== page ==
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    @JosephDoggie - do yourself, and the others at your workplace, a favor, and start calling it "SQL Server". Precision is important. – Max Vernon Sep 27 at 15:11
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    @JosephDoggie Yes, that's a problem in other areas of the world too, but the fact is that (a) the database sub-language called SQL, (b) the database management system called SQL Server, (c) the set of administration tools called SQL Server Management Studio, and (d) the dialect called Transact-SQL —which is also used in Sybase/SAP ASE— are (e) four different things. Also, here in DBA.SE the [sql] tag involves superfluous work most of the time. – MDCCL Sep 27 at 15:13

I agree.

The sql tag is just too generic.

Having the following tags should be sufficient enough to tag questions correctly with whatever Structured Query Language Dialect/Programming Language is being used:

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    And "wtf-sql" for mysql? – gbn Aug 28 at 9:52
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    Couldn't find the dialect (name) for MySQL. I guess it's just mysql-sql. – hot2use Aug 28 at 9:55
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    I think there is a major confusion here. pl and pl/pgsql are not "sql". I know Microsoft and MySQL confuses this, but not PostgreSQL and Oracle. SQL is not a Procedural language. PL was invented for when a declarative language wasn't sufficient. You can't write a query in pl/pgsql. You can only write the query in SQL. You can't loop over a query in sql, you can only loop over the query in pl/pgsql. – Evan Carroll Aug 29 at 4:39
  • @hot2use I suggest to make the mysql into a different meta question. Fortunately, the community seems to agree the proposition, injecting new problems into the discussion may harm this agreement. It is a dangerous thing in meta discussions, an agreement is fortunately reached, I suggest to try to preserve it. – peterh Aug 30 at 16:14
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    plsql for Oracle or plpgsql for Postgres is plain wrong. That would only apply to questions regarding stored procedures or function. Not plain SQL query functions. Those two DBMS (unlike e.g. SQL Server) make a strong distinction between SQL (queries, DML) add procedural code (PL/SQL, PL/pgSQL) – a_horse_with_no_name Sep 7 at 11:31
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    I agree with @a_horse_with_no_name and have been trying to make that point in my answer. PL/SQL and PL/pgSQL don't simply mean "stored routines", but are specific languages for doing such things. Using SQL commands to create a table space in Oracle isn't PL/SQL, it's SQL. And a PL/SQL (or PL/pgSQL in PostgreSQL) procedure or function might not contain any SQL. You can also create a Java procedure or function in Oracle, which isn't PL/SQL. These might be the most common languages for such things, but we don't use C# to mean .NET as one could use VB.NET, F#, VC++, etc as the .NET / CLR lang. – Solomon Rutzky Sep 7 at 20:27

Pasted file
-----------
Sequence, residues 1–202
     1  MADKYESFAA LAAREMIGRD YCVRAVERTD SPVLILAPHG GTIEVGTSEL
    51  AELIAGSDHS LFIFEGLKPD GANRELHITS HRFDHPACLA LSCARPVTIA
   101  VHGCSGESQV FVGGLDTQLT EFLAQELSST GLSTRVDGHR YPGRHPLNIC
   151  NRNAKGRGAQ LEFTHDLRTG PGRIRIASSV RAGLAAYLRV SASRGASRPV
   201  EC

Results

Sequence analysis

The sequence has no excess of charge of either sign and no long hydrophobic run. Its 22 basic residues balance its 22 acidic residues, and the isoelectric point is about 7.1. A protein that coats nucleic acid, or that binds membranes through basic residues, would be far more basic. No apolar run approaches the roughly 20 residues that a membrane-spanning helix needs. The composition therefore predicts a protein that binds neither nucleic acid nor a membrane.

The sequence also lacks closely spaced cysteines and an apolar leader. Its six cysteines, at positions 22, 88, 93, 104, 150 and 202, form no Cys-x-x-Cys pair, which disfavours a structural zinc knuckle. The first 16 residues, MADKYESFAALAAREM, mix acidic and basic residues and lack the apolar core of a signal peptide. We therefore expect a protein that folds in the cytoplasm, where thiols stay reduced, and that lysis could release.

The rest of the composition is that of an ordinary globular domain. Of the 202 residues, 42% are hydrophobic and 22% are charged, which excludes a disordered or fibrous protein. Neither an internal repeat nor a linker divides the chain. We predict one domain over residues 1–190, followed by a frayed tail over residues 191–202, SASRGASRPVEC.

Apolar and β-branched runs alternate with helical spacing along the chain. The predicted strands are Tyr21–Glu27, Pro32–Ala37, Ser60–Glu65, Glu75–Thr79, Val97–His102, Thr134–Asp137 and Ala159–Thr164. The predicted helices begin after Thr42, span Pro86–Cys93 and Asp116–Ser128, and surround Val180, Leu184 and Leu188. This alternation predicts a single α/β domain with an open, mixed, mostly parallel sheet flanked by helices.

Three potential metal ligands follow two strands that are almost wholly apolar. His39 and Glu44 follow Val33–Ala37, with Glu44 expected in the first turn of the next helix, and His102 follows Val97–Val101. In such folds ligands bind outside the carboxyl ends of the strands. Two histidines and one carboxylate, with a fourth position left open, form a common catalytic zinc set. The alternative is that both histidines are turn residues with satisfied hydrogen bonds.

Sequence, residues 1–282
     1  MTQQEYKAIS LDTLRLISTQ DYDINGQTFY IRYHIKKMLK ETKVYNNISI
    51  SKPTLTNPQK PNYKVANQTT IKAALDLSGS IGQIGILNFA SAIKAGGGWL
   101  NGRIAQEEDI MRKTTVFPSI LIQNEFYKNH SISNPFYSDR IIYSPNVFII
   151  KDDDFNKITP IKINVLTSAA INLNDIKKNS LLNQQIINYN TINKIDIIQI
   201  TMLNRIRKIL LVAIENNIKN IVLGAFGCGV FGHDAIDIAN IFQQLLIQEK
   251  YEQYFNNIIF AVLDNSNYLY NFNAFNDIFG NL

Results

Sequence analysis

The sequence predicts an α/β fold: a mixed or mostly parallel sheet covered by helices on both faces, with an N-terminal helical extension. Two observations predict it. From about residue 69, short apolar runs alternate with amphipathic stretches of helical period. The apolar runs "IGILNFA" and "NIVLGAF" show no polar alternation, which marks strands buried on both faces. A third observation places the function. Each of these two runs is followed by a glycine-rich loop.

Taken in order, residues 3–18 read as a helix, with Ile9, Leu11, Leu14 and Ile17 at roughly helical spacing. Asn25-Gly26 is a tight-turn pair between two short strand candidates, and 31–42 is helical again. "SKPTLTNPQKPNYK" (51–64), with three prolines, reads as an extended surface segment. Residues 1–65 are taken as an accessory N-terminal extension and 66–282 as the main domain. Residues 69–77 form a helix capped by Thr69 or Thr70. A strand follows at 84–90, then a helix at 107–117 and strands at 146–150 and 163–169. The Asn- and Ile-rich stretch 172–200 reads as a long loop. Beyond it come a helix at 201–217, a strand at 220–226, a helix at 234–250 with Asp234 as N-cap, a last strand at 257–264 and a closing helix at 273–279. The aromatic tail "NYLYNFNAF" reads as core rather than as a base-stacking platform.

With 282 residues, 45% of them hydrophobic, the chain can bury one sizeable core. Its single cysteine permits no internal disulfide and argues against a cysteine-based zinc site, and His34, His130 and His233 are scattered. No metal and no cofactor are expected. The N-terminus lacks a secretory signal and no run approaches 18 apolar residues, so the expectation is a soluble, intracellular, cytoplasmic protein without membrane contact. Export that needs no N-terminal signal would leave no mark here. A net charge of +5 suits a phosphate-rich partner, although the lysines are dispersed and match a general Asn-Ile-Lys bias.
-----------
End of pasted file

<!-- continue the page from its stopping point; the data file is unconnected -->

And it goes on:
up vote 9 down vote accepted

The tag has now been burninated.

Trogdor

It has also been blacklisted.

(technically, marked intrinsic, so inbound migrations are not blocked; the tag is removed during migration).

Thanks to everyone who participated in the discussion and clean-up effort.

I am both for and against this proposal, so ±1   🙃

For / 👍 / Agree / 😺

Yes, the tag by itself is currently quite ambiguous. And not just because it's what you get as you try to type in "sql" space "server", but I would expect also due to it being how many folks, whether right or wrong, refer to Microsoft SQL Server. This is why I have often changed the tag on a question to be either and/or (both here on DBA.SE and also on S.O., and of course, when the question concerned MS SQL Server). So yes, its current usage makes it rather meaningless.

Against / 👎 / Disagree / 😾

I completely agree with @EvanCarroll regarding his statement of:

I certainly do not think all query-questions for PostgreSQL should be tagged pl/pgsql, nor pl for Oracle.

Microsoft SQL Server does not really have a separation of language types to distinguish between the database interaction statements (DDL, DCL, DML, etc) and the programmatic constructs. It is just all Transact-SQL. SQLCLR doesn't really count here as a separate language because when you interact with SQL Server via SQLCLR, you still have access to all (or most) that T-SQL offers. However, it seems that the other RDBMSes (at least the ones we are concerned with here) do have a formal separation:

  1. PostgreSQL:
    • Chapter 38. Procedural Languages
    • SQL, PL/pgSQL, PL/Tcl, PL/Perl, and PL/Python (these come with PostgreSQL but there are independent projects that have extended the number of procedural languages)
    • Example showing that SQL and PL/pgSQL are not the same thing. Routines can be written in pure SQL, but I believe that is fairly uncommon given that I seem to recall that those don't get fully optimized. Either way, a question regarding queries in PostgreSQL need more than a tag, but also should not be forced to use a tag as that doesn't accurately reflect the subject of the question.
  2. Oracle:
    • Chapter 24. SQL, PL/SQL, and Java
    • SQL, PL/SQL, and Java
    • Just like with PostgreSQL, SQL is how one interacts with the data and data structures, but routines (which may or may not include SQL) are written in PL/SQL or Java.
  3. DB2: